3. Bonds: I can’t see how bonds make any sense for a young person. You either take on credit risk without the upside of equity or buy safe paper and live with extremely low or negative real yields.
  4. Gold: Gold has no utility for me. If the Dollar really fails, I don’t see people transacting in physical gold. It earns no income. It’s difficult and expensive to store. Jewellery is okay but as an investment at the portfolio level, I don’t understand it. Prices are currently at highs, but I guess valuations matter less for gold. The current crisis has shown that gold can be unreliable, and people queue up to sell when everything else is falling.  I assume a large allocation in gold can only be done through a financial instrument – in other words buying paper gold. Doesn’t this defeat the purpose of gold as a safe haven?
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Net-net I’ve used the sell-off to rebalance my equity portfolio towards higher quality stocks. The mid to long term goal is to have at least a 50% allocation to real estate with the rest split between equities (probably only via mutual funds) and cash.

Thinking about safe havens and asset allocation led to some thinking around the nature and causes of the recession (depression?) we are facing. And it brings me back to real estate.

Unfortunately, nobody my age talks about buying or building a home: renting is the default. And why not? Housing prices globally have been absurdly inflated by the wealthy and supply artificially constrained.

The price of an average house in Mumbai is 74 times an average Indian’s monthly income – at a generous 40% savings rate that’s 15 years of diligent savings to buy a house! The global stock of real estate is valued at over US$ 220 trillion – more than 12 times the GDP of the US or 18 times the GDP of China. Consequently, the have-nots have forgotten about home ownership and take solace in Buffetisms, Mungerisms and the “fail-safe” power of compounding stocks.

Data shows that the U.S. renter population grew twice as fast as the owner population during the last decade. 

Homeownership in general has been on the decline for at least the last three generations. After adjusting for age, millennials, gen Xers, and baby boomers have all purchased homes at a slower rate than the generation that preceded them.

This generation of renters did fine through the longest economic expansion in history. 

What happens now with an equally unprecedented income shock?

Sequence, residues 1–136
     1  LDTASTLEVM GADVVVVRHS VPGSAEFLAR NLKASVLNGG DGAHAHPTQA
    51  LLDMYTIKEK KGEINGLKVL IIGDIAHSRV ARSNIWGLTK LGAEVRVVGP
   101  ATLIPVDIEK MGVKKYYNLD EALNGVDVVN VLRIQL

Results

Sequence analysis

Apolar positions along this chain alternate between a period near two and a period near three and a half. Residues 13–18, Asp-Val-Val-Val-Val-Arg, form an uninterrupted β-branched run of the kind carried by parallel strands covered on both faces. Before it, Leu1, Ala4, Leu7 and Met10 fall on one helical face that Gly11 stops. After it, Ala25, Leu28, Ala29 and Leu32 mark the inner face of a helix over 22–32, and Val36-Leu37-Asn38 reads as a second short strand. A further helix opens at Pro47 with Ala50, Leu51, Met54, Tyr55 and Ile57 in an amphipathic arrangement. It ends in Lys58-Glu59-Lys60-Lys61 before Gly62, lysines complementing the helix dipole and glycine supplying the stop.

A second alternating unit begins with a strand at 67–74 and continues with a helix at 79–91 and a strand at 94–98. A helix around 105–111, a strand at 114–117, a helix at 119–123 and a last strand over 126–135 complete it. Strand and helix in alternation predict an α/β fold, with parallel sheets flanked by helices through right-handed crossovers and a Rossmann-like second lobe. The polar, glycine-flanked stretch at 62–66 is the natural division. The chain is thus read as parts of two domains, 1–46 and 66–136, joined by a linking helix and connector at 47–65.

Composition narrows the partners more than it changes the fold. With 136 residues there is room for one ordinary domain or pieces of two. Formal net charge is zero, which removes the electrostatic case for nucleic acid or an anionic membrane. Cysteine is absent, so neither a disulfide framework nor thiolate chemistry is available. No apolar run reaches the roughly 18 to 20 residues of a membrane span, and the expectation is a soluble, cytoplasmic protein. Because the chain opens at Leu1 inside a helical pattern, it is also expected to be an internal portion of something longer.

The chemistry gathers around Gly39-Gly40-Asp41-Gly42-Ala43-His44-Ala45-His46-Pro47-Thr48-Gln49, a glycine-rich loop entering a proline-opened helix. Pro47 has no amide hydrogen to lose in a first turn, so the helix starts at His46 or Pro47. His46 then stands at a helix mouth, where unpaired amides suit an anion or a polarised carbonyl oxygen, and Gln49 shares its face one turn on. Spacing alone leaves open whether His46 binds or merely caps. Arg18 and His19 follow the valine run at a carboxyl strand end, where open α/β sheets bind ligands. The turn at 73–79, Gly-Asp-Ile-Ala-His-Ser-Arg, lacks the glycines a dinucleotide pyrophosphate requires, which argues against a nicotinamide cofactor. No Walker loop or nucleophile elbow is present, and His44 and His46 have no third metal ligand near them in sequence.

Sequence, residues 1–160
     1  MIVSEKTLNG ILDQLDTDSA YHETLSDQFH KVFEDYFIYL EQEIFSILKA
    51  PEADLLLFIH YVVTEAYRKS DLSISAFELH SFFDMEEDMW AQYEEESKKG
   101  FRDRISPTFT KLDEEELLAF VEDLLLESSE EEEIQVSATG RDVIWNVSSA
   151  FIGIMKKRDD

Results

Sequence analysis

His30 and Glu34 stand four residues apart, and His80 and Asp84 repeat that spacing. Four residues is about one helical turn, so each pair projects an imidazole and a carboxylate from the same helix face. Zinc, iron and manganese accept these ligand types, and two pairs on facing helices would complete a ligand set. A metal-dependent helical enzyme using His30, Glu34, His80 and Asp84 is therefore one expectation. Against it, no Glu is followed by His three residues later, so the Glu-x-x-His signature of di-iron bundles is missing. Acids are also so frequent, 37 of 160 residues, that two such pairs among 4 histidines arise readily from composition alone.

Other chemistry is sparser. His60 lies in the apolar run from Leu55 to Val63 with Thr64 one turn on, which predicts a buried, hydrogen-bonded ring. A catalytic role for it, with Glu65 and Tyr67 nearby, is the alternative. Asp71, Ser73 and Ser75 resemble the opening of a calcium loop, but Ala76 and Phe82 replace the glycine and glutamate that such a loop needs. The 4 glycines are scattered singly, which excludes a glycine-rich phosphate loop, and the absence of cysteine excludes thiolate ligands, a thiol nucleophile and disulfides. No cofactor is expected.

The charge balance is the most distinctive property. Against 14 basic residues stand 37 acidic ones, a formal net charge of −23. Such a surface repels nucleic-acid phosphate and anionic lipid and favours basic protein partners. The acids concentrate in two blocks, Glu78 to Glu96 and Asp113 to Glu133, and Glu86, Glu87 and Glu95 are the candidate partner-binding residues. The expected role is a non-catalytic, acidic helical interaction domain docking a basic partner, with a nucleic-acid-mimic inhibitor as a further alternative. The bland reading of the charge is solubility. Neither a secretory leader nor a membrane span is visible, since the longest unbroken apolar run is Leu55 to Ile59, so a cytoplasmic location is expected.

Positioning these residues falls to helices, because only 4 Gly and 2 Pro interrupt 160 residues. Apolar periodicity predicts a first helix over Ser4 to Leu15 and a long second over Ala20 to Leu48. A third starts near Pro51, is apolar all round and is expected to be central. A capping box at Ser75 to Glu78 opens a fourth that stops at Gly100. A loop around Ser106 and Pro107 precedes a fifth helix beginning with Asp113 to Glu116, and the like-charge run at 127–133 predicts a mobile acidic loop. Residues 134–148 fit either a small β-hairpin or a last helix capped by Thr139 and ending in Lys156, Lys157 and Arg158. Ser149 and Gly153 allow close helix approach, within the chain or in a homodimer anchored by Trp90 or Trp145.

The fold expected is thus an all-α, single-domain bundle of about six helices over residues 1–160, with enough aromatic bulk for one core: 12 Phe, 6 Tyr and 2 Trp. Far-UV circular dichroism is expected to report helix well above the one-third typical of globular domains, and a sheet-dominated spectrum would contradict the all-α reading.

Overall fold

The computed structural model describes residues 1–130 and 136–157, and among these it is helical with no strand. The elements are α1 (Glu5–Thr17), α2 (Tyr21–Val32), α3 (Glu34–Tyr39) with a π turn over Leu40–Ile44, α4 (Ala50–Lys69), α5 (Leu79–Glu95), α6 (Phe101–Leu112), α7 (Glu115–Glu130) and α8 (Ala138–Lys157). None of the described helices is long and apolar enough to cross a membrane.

A full 20% of Americans and counting have applied for unemployment benefits in the last few weeks. How is that possible if the economy was the “strongest ever” until February?

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We live in times where massive amounts of consumption can happen online and at home. Goods can be delivered. Services on video or at home. White collar jobs are uninterrupted.

Yet there are massive recessions underway globally – why?

I strongly believe that a big part of this on the consumer end (the C in the C+I+G+X-M GDP formula) relates to housing. Household balance sheets are just too fragile. Even those without debt are sitting on a bunch of paper assets and we all know what happens to correlations during crises.

With millennials spending 30%-60% of their incomes on rent, any real or expected income shock will lead renters to cut back on spending viciously to protect their rent payments. And this austerity will not go away in a hurry.

Consider this recent story about a Brooklyn landlord waiving millions in rent. The guy owns 18 buildings and has 300 tenants in New York City. The Times ran a feature on him for his generosity and considers him a hero. 

Victor J. Blue for The New York Times

I couldn’t help wondering: what if these renters were homeowners instead?

300 strong balance sheets instead of 1.

This is not a critique of other asset classes per se, but I think household balance sheets and consequentially national economies would be much more resilient if more people owned houses. For this governments need to find policy solutions to increase housing supply, discourage home ownership for solely investment purposes, and actively help young people to buy a home. Fundamentally this is about the long term redistribution of wealth and should be considered in addition to existing policy interventions like one-time handoutsuniversal basic income or taxing the super-rich.

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Currently building a dating app | Previously: Investments @ Asia Climate Partners | MSc. Finance from HKUST